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March 18, 2005 > News > Author Kincaid speaks about her childhood influences

Author Kincaid speaks about her childhood influences

Author Jamaica Kincaid described the influence her mother, the Bible and her impoverished Antiguan childhood had on her writing at her President’s Lecture Series speech March 3. Kincaid spoke to about 150 attendees in the Grand Hall of the Student Center.

‘I know I am supposed to say something wise,’ Kincaid said during the lecture. ‘But I never know how to do these things.’

Kincaid has written 10 books, including The Autobiography of My Mother, and has received numerous writing awards.

She was elected to the American Academy of Arts and Letters in 2004 and is a visiting professor of creative writing at Harvard University.

At the lecture, Kincaid read from her 2002 novel Mr. Potter and her recent non-fiction book Among Flowers: A Walk in the Himalaya.

President David Leebron greeted the crowd and introduced English professor Justin Cronin, who introduced Kincaid. Cronin said Kincaid’s lyrical rhythm has earned her many accolades. ‘If there is a prize for writing that she hasn’t won, she will,’ Cronin said.

Originally born in Antigua and Barbuda, Kincaid came to New York when she was 17 years old. She worked as a writer for the Village Voice and Ingenue, and in 1976 she became a columnist for The New Yorker.

Her first novel, Annie John, was published in 1985.

Before her reading, Kincaid asked the audience to consider one of her techniques, the use of ‘And’ to begin sentences.

‘Is ‘And’ a command or a bridge?’ Kincaid asked. ‘As a reader, I like to work this hard, so I’ve extended this to you.’

Kincaid, whose fiction is semi-autobiographical, read for about 25 minutes from Mr. Potter, a book about an absentee father.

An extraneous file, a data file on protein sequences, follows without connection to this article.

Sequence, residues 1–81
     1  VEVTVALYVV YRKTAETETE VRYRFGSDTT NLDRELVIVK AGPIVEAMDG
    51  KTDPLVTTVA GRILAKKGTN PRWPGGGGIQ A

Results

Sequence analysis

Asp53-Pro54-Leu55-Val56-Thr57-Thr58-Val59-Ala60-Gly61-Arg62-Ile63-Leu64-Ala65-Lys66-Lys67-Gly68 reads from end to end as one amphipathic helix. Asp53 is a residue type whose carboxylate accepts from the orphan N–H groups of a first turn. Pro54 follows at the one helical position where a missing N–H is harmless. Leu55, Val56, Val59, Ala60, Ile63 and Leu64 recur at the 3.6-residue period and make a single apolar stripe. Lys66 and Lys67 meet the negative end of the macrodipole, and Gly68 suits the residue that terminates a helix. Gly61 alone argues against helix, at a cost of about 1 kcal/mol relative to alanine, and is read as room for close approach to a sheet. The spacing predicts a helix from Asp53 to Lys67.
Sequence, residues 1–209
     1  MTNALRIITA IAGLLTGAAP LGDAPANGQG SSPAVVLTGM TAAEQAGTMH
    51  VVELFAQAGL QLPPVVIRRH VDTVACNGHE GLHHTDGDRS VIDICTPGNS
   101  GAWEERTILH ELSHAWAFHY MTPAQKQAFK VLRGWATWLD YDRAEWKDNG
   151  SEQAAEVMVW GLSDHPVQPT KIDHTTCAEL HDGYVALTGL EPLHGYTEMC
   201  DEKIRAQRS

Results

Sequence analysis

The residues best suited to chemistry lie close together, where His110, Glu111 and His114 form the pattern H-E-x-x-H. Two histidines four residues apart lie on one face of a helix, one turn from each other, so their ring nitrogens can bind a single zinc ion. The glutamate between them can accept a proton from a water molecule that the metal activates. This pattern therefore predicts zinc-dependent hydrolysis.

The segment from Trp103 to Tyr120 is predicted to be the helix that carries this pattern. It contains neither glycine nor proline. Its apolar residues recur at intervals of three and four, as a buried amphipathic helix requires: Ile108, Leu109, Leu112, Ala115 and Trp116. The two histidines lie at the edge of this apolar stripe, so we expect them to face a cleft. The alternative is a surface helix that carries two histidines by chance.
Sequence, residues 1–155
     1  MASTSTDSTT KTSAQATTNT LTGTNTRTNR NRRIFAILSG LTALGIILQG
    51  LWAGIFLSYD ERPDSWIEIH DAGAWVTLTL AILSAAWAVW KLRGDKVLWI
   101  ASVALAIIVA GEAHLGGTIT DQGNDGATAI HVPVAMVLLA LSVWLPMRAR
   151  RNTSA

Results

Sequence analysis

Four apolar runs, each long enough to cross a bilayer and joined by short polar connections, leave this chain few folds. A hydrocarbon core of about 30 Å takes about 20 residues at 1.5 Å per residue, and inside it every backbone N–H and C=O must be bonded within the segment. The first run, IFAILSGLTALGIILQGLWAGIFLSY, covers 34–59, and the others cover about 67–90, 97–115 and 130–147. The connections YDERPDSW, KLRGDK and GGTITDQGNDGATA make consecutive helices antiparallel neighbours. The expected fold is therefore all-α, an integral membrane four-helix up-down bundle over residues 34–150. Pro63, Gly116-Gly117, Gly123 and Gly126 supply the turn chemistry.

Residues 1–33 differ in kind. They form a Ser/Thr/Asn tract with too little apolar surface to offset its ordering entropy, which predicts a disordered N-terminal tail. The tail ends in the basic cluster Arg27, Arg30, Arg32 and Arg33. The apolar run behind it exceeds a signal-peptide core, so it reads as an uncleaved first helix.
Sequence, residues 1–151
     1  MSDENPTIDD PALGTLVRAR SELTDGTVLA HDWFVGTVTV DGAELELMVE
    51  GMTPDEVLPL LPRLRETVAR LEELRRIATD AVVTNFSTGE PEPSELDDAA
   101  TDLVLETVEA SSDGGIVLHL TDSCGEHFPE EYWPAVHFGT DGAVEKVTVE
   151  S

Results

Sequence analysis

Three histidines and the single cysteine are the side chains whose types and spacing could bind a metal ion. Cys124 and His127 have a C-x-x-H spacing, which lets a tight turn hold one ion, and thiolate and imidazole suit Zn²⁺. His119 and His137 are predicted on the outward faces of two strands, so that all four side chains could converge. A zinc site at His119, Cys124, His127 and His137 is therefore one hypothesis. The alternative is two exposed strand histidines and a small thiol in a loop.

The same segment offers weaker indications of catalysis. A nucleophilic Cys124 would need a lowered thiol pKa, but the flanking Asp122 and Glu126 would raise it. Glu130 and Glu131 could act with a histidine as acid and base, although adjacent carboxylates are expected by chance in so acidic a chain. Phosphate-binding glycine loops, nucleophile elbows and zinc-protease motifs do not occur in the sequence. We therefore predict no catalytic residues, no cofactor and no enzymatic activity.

Kincaid’s birth name is Elaine Potter Richardson, and her own father did not raise her. ‘The book is about a man who is the father of children but doesn’t recognize them, and a daughter who doesn’t accept her father,’ she said before beginning.

During a question-and-answer session following the first reading, Kincaid elaborated on her discussion of ‘And.’

‘You’re told not to begin a sentence with ‘And’ as a child,’ Kincaid said. ‘And I like to do the things you’re told not to do.’

Kincaid said when she was young, she often read the Bible which contains many sentences that begin with ‘And.’

She also enjoyed reading the dictionary. ‘I read the dictionary the way people read Nancy Drew,’ Kincaid said.

The author then spoke about the influence of oral tradition on her work.

Kincaid said her mother’s storytelling inspired her folkloric style and the many mother-daughter relationships in her work.

‘I was an only child for a long time,’ she said. ‘Even when I had brothers, I thought of myself as an only child.’

In her youth, Kincaid’s imagination helped her develop her writing style, she said. Kincaid often fibbed and made up stories, and while she never wrote anything down, she considers her original fables the foundation of her writing.

Kincaid entertained questions from the audience after her speech.

After the question-and-answer session, Kincaid asked the crowd what she should do next. ‘Well, I wanted to read you a little thing,’ she said. ‘But maybe you don’t want to hear it.’ The audience responded with enthusiasm, and Kincaid began to talk about her recent trip to Nepal, the subject of her latest book.

She saves her money to travel the world, she said.

‘I’ve always been poor but loved things that cost a lot,’ Kincaid said.

English graduate student Jeff Jackson said he decided to attend Kincaid’s lecture after reading her book Lucy.

‘I thought that she was great,’ Jackson said. ‘I heard in advance that she does very well at these types of readings. [She was] informal, colorful, enjoyable. … There’s always close overlapping between her work and her life.’

Brown College sophomore Nancy Brown said she thought Kincaid’s talk was awkward.

‘She was amazingly unprepared, it seemed,’ Brown said. ‘She had interesting responses to the questions, but had a really strange presence.’

Kincaid’s speech was the Dominique De Menil lecture, the fourth of five speeches in this year’s President’s Lecture Series.

The final speech in the series will be given by physician and surgeon Michael DeBakey April 15 on the role of government in healthcare.

Michael DeBakey is a pioneer in the field of cardiovascular surgery. He was the first to construct artificial arteries.

He also developed and successfully performed the first coronary bypass.

In 1996, DeBakey visited Russia and was a consultant to former Russian president Boris Yeltsin for his quadruple-bypass surgery.

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